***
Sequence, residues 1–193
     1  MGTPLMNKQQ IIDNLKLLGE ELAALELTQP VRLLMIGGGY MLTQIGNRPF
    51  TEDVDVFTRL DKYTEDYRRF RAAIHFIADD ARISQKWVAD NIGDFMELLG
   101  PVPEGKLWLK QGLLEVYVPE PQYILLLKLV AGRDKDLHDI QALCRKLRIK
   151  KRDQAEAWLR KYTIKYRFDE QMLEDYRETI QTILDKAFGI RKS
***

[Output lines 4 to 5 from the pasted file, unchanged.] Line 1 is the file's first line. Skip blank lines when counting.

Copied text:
   101  PVPEGKLWLK QGLLEVYVPE PQYILLLKLV AGRDKDLHDI QALCRKLRIK
   151  KRDQAEAWLR KYTIKYRFDE QMLEDYRETI QTILDKAFGI RKS